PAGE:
However, the Davis Tax Committee said in its report on tax administration, which was released a year ago, that the rule has the effect of discouraging taxpayers from engaging in appeal or review processes against Sars, because, psychologically, the taxpayer had already “lost” the money.

“This rule creates a huge bias in favour of Sars. The argument that taxpayers often raise frivolous objections serves to ignore various other available measures of determining the validity of objections,” the Davis report stated.

Thabo Legwaila, a member of the Davis committee and professor in tax law at the University of Johannesburg, said that when the legislator wrote the “pay now, argue later” provision, it did not consider any other options.

In many African countries, taxpayers are allowed to pay a “deposit” when they object to an assessment. In some countries, taxpayers have to pay between 20% and 40% of the assessed amount that is in dispute, to ensure they do not raise frivolous objections to avoid paying tax.

The Davis committee recommended that taxpayers should pay 40% of the claim by Sars.

Legwaila told delegates at the recent Annual Tax Indaba, hosted by bodies such as the South African Institute of Tax Professionals and the South African Institute of Professional Accountants, that another option was to impose higher interest rates on the amount due when there has been a frivolous objection.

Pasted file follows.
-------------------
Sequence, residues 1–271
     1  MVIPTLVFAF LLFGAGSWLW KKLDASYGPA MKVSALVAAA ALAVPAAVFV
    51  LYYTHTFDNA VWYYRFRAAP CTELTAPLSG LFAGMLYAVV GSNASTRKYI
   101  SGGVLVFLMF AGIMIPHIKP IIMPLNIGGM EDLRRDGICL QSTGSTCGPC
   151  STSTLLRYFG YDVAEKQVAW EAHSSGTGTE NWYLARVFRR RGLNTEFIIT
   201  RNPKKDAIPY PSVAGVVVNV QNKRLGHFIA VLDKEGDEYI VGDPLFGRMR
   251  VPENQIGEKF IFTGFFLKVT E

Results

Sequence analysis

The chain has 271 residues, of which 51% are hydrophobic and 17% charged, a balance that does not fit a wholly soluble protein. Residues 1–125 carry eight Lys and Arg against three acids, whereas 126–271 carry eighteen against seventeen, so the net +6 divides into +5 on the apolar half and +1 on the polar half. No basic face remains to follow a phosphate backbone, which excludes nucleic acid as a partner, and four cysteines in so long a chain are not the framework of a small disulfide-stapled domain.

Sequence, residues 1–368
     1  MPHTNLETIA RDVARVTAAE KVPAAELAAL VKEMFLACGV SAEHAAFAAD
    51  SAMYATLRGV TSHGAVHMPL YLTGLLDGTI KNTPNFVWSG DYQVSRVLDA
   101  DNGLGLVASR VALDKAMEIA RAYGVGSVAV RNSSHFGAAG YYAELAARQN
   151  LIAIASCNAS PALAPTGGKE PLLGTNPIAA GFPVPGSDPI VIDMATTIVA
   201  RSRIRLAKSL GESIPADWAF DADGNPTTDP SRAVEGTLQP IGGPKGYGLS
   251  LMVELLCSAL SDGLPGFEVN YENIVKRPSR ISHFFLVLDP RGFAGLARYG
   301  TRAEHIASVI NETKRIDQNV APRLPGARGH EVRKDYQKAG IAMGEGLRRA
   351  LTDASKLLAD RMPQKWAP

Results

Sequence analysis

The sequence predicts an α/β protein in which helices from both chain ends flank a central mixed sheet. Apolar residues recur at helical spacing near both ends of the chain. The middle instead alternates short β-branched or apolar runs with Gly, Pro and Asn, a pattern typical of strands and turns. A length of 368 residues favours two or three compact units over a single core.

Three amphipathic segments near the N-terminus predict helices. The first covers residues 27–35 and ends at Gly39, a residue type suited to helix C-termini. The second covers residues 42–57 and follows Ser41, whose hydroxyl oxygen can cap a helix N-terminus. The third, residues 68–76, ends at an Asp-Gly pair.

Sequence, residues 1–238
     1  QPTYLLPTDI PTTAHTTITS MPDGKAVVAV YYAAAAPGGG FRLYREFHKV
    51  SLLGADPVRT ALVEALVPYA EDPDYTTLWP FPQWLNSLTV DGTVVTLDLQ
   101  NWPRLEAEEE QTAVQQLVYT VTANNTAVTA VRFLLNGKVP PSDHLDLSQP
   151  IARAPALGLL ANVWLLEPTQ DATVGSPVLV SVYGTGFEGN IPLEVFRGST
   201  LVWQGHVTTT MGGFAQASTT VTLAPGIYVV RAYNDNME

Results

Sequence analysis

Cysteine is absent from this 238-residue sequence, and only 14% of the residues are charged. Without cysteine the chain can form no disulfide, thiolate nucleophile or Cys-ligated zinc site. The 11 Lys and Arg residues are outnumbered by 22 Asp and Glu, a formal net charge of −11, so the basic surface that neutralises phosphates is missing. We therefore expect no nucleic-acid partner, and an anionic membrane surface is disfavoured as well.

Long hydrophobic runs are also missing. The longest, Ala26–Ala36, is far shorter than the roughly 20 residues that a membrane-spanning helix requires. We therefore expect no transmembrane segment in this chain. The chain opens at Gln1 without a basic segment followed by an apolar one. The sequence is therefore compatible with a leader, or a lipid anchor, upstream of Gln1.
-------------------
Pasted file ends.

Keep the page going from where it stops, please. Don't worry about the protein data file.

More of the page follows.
He suggested a system whereby an independent body looked at the preliminary facts to determine whether a payment could be suspended. The Davis committee proposed that the role be given to the Tax Ombud.

Eric Mkhawane, the chief executive of the Office of the Tax Ombud, said at the indaba that the rule could not be abolished as it could lead to the collapse of the tax system.

He said the Constitutional Court found the clause to be constitutional because there was a discretionary element. The taxpayer could always approach Sars and request the suspension of payment until the dispute was settled.

Mkhawane agreed that Sars should not decide whether the suspension of payment was granted. If a body such as the Office of the Tax Ombud considered a request for the suspension of payment, it could help to “avoid issues of bias”.

Ngoepe said that when he was judge president, he was approached by the then minister of finance to facilitate hearings of tax matters.

He said some taxpayers would drag out matters because they had deep pockets, and in those instances the “pay now, argue later” rule could be justified.

Taxpayers are required to pay in full if a suspension of payment is not granted.